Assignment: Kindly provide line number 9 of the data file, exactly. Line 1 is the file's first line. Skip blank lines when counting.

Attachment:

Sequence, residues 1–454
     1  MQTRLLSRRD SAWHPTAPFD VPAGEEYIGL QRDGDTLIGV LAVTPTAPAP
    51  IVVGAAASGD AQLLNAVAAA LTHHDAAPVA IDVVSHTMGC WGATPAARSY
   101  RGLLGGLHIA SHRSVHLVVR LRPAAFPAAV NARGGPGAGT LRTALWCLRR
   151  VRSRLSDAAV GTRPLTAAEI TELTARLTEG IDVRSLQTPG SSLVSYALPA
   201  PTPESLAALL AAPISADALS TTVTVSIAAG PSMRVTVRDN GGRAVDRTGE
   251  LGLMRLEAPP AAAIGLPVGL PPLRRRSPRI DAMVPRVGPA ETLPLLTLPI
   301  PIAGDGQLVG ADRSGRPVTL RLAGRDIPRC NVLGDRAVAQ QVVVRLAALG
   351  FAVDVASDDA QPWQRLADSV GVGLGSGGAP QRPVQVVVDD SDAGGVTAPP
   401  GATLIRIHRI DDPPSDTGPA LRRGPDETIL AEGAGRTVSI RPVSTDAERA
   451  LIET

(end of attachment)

   351  FAVDVASDDA QPWQRLADSV GVGLGSGGAP QRPVQVVVDD SDAGGVTAPP